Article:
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were attacked. He should not recruit mercenaries from Roman territory nor entertain fugitives from the same, and the hostages should be changed every third year, except the son Y.R. 565 of Antiochus. This treaty was engraved on brazen tablets B.C. 189 and deposited in the Capitol (where it was customary to deposit such treaties), and a copy of it was sent to Manlius Vulso, Scipio's successor in the command. He administered the oath to the ambassadors of Antiochus at Apamea in Phrygia, and Antioefence, and to reverence for the man who had spoken, did not wait to take the vote, but ran out of the court-room. The reader may compare these cases together as he likes. Y.R. 565 Manlius, who succeeded Scipio as consul, went to B.C. 189 the countries taken from Antiochus and regulated them. The Tolistoboii, one of the Galatian tribes in alliance with Antiochus, had taken refuge on Mount Olympus in Mysia. With great difficulty Manlius ascended the mountain and pursued them as they
ogether in a great crowd in camp. He enclosed them with his light-armed troops and rode around ordering his men to shoot them at a distance, but not to come in contact with them. The crowd was so dense that no dart missed its mark. He killed 8000 of them and pursued the remainder beyond the river Halys. Ariarthes, king of Cappadocia, who had sent military aid to Antiochus, became alarmed and sent entreaties, and 200 talents Y.R. 566 in money besides, by which means he kept Manlius out of B.C. 188 his country. The latter returned to the Hellespont with vast treasures, uncounted money, and an army laden with spoils. Manlius had done well so far, but he managed very badly afterward. He scorned to go home by water in the summer time. He made no account of the burden he was carrying. He neglected to keep the army in good discipline while on the march, because it was not going to war, but returning home with its spoils. He marched by a long, narrow, and difficult road through Thrace i
er Carthage, he sent victims for sacrifice to the Capitol in advance of his coming, and then made his appearance in court clad in festive garments instead of the mournful and humble garb customary to those under accusation, whereby he made a profound impression on all and predisposed them favorably as to a high-minded citizen conscious of his own rectitude. When he began to speak he made no mention of the accusation against him, but detailed the events of his life, what he had done, the B.C. 187 wars he had waged for his country, how he had carried on each, and how often he had been victorious. It delighted the listeners to hear this grand discourse. When he came to the overthrow of Carthage he was roused to the highest pitch of eloquence and filled the multitude, as well as himself, with noble rage, saying, "On this very day, O citizens, I won the victory and laid at you feet Carthage, that had lately been such an object of terror to you. Now I am going up to the Capitol to offer th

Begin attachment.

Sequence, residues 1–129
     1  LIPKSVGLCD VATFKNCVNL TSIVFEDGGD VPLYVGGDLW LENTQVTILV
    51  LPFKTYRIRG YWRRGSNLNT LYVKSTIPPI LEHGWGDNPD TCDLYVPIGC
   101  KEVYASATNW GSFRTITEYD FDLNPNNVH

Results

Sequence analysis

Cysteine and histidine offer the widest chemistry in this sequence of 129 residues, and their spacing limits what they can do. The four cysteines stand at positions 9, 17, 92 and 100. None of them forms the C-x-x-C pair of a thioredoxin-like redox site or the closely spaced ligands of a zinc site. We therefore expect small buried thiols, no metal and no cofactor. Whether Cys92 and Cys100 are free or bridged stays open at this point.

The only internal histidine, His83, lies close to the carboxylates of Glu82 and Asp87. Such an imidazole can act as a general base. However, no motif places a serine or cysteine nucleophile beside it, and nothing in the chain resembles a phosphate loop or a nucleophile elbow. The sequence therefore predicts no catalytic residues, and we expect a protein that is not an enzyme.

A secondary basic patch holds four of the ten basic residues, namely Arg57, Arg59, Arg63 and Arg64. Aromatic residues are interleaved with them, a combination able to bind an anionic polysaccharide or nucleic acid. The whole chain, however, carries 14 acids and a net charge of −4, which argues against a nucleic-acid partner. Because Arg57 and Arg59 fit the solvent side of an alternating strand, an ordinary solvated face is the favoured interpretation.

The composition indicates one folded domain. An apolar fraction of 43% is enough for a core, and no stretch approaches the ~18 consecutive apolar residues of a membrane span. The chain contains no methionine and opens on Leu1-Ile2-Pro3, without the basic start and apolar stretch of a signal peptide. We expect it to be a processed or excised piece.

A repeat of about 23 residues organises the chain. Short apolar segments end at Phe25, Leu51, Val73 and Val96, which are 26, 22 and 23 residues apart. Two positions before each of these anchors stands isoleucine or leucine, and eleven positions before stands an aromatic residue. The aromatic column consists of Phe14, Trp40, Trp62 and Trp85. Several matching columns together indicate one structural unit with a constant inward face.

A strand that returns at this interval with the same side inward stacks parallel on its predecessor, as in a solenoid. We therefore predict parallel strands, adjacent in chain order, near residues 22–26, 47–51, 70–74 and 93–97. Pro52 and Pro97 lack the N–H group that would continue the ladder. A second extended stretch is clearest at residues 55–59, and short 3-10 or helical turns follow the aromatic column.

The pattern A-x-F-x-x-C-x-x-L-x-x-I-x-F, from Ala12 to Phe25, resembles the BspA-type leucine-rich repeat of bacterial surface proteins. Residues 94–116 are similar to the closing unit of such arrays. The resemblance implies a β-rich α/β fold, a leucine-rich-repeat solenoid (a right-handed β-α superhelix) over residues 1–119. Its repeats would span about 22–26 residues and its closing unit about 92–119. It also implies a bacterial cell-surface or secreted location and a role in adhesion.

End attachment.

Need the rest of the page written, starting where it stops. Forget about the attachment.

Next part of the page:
months, nor until they had driven out the Lacedæmonian garrisons and substituted Arcadians in their places. Epaminondas had compelled his colleagues to take this course and had undertaken that they should be held guiltless. When they returned home the prosecuting officers put them on trial for their lives, separately (for the law made it a capital offence to withhold by force a command which had been assigned to another), Y.R. 385 but the other two escaped punishment by exciting pity and B.C. 369 by long speeches, putting the blame on Epaminondas, who had authorized them to say this and who so testified while they were speaking. He was tried last. "I acknowledge," he said, "that I retained the command beyond my time, contrary to law, and that I coerced those whom you have just acquitted. Nor do I deprecate the death penalty, since I have broken the law. I only ask, for my past services, that you inscribe on my tomb, 'Here lies the victor of Leuctra. Although his country had not dared